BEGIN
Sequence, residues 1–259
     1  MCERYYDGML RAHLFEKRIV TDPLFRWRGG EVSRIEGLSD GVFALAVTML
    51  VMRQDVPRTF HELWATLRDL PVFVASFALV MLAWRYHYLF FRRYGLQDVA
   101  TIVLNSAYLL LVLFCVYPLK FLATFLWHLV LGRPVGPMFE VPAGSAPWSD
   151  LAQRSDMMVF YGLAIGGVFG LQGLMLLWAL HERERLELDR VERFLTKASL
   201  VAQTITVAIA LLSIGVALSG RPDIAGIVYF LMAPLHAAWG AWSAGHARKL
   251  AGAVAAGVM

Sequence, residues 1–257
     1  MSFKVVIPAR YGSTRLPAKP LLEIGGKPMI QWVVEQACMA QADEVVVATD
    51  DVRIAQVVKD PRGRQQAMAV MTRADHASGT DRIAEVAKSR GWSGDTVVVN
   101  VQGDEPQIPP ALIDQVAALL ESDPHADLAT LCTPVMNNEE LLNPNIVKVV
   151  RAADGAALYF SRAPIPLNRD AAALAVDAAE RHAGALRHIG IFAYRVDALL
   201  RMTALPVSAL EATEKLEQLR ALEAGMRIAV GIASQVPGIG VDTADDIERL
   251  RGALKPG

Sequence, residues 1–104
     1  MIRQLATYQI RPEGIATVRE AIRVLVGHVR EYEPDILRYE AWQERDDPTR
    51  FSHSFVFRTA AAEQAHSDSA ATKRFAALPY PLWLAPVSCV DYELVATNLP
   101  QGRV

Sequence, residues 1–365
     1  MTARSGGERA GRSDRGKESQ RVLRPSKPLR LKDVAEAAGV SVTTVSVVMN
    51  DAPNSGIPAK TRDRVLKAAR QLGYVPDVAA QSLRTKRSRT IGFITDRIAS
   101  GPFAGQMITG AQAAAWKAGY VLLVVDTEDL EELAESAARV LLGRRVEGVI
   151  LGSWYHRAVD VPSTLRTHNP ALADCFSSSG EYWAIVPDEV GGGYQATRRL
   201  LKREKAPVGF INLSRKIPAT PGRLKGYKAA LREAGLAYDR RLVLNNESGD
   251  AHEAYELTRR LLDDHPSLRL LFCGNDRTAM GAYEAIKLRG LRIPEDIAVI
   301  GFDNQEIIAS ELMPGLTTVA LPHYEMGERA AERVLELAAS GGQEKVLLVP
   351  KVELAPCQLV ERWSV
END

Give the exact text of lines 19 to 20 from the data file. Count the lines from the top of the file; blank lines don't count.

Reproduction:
Sequence, residues 1–365
     1  MTARSGGERA GRSDRGKESQ RVLRPSKPLR LKDVAEAAGV SVTTVSVVMN